In several fungi, the cAMP signalling and two MAP kinase pathways have been implicated in regulating various plant infection processes, in particular in monocot-infecting smuts . Several contigs ofM. violaceumwere similar to enzymes of these molecular pathways, including G proteins, protein kinases and Ras proteins. InU. maydisfor instance, disruption ofRas2resulted in loss of pathogenicity and dramatic changes in cell morphology . Another important molecular pathway in pathogenic fungi is the Calcineurin/cyclophilin signalling , for which we also detected putative genes in the MICROBASE. Other important molecules involved in pathogeniticy belong to the secondary metabolism which includes P450 genes, such as the putative ones present in the MICROBASE, or the small peptides synthetized by nonribosomal peptide synthases (NRPS). We detected contigs similar to NRPS, such as the one similar to CPS1 .
Expressed transposable elements
Our library presented 148 unisequences with significant similarity to transposable elements (TE), with an additional 10 showing putative or weak similarity to TEs. The 148 unisequences, when categorized by the major types of Class I (RNA-based replication) and Class II (DNA-based replication) transposable elements, were in similar relative frequencies as TEs from theM. violaceumgenomic survey  (Figure 4). Putative Class II DNA transposons and a maturase sequence from a mitochondrial Group II Intron were also identified among the expressed sequences, but were not found in the prior genomic survey. Although Hood et al.  showed that the RIP (repeat-induced point mutation) genome defense has been very active inM. violaceum, our results suggest that the transposable elements can escape this genomic mechanism of defense to some extent, at least regarding the transcriptional activity. In fact, there is evidence of RIP mutation among the expressed TE sequences; five unisequences could be aligned with the genomic consensus of copia-like integrase gene from a prior analysis of RIP inM. violaceum, and among these alignments mutations at RIP recognition sites were 2 to 3 times more frequent that to any other sites.
Prior studies have reported that some unidentified transposable elements may be active only during mitosis, whereas others would be active during meiosis , and the conditions under which our library was built may therefore lead to an underestimation of the TE transcriptional activity. A more specific study is required to understand the importance of the RIP mechanism in the accumulation of transposable elements in the genome ofM. violaceum, especially as RIP-affected and non-functional TE copies may still be transcribed. The comparison of TE transcripts in the MICROBASE with the genomic copies should be interesting to estimate the impact of the RIP defense mechanism inM. violaceum. We did not identify any EST similar to the RID (RIP defective) DNA methyltransferase gene required for RIP inNeurospora crassa, although we detected several sequences similar to methyltransferases.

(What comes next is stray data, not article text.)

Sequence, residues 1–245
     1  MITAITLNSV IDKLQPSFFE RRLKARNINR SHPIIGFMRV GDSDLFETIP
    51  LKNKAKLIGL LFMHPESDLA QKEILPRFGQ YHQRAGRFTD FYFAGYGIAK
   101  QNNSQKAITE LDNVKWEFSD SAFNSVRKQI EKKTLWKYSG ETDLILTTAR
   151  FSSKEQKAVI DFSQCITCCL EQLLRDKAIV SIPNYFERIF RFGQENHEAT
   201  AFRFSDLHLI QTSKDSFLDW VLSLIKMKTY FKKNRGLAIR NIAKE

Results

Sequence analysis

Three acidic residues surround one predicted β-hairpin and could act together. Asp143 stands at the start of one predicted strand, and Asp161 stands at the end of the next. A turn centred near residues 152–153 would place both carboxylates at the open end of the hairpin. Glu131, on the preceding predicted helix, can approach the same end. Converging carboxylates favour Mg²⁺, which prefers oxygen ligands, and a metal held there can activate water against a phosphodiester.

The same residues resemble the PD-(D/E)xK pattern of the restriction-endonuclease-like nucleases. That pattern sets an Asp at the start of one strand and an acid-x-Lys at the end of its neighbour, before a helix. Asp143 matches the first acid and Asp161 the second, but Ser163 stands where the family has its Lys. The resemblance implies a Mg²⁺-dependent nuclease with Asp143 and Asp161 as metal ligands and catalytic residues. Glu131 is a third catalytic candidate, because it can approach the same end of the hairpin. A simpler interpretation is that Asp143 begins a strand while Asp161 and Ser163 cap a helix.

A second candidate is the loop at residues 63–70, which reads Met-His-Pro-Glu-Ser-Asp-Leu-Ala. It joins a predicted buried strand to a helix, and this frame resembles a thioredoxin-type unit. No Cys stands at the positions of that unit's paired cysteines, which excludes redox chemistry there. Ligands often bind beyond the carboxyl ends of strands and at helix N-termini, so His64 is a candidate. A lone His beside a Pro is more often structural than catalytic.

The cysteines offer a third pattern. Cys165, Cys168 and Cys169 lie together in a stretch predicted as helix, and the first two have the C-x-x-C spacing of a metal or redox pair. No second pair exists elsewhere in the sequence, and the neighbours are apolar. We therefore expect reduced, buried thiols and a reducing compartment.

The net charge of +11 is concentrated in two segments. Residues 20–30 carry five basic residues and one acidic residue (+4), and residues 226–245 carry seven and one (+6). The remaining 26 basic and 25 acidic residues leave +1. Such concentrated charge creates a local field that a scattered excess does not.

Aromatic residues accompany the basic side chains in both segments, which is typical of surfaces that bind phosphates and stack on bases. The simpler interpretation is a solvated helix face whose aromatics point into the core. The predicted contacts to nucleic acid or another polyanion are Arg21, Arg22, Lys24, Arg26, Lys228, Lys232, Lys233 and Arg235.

This study, providing the first extensive genomic dataset onM. violaceum, has permitted the detection of many genes putatively involved in mating, some of which were shown to be linked to the mating-type locus, and also many genes possibly involved in pathogenesis. Studies of reverse genetics are however required to validate these putative biological functions. Studies of comparative genomics among fungi should also benefit from the existence of resources such as the MICROBASE . This extensive database will not only allow comparing the sequence evolution among species, but also searches for the presence of genes and the numbers for gene families. Such comparative approaches yield valuable insights into the evolution of host-pathogen interactions . Furthermore, it is now possible to clone and sequence the whole mating type locus ofM. violaceum, allowing elucidating its organization. Comparison with the mating type loci of other basidiomycetes will then provide insights into its evolution, in particular into the mechanism of the transition between tetra- and bipolarity. Finally, the high expression level of transposable elements raises questions about the importance of the RIP genome defense, and how it can be escaped.
Microbotryum violaceumstrain and culture conditions
Teliospores from the strain 100.02 ofM. violaceum, collected from the hostSilene latifoliain 2001 in the Alps, near Tirano in Italy, was plated on GMB1 medium . On such nutritive media, diploid teliospores germinate and produce haploid sporidia of the two mating type A1 and A2. A1 and A2 sporidia lines from the strain 100.02 were identified by pairing with existing stocks of known mating type.
A mixed suspension of A1 and A2 sporidia (250 μL of each) was plated on water agar supplemented with α-tocopherol (10 IU/g) and incubated at 4°C for one week. These conditions of low nutrients with α-tocopherol are thought to mimic the host plant surface for the fungus, because sporidia conjugate and produce hyphae of a few cells . This was checked using a light microscope (400×).
RNA isolation, cDNA library construction and sequencing